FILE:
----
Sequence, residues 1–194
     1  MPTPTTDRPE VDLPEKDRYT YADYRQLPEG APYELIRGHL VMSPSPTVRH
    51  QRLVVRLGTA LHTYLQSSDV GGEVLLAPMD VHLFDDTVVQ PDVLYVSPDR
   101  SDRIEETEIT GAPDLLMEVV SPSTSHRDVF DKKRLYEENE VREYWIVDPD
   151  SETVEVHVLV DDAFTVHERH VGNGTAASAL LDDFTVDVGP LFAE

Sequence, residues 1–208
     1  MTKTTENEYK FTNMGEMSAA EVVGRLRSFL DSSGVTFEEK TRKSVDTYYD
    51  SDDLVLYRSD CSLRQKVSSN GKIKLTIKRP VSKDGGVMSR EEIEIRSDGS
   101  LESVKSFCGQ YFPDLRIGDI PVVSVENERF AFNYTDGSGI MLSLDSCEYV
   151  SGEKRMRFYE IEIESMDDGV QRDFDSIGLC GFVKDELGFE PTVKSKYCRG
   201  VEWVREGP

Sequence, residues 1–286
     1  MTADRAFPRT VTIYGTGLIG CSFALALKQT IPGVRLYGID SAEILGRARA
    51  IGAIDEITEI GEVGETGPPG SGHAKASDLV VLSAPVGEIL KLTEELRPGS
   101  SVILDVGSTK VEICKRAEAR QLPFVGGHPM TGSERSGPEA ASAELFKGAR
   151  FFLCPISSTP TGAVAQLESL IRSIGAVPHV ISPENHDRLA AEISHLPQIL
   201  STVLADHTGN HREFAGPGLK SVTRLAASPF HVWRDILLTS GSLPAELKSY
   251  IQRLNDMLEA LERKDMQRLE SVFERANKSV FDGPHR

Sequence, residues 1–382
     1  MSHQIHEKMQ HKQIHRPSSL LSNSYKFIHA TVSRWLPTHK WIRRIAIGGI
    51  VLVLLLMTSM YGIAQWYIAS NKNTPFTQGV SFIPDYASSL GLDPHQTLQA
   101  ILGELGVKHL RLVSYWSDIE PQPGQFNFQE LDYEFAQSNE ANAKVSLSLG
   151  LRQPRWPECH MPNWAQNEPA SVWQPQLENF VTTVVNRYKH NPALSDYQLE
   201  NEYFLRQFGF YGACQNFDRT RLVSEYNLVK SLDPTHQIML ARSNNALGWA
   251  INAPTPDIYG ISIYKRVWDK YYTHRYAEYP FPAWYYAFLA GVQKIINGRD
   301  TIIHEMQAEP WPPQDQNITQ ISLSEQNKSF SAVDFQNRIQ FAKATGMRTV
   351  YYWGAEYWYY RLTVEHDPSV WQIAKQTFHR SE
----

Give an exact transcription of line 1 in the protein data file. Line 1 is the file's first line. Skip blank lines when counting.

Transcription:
Sequence, residues 1–194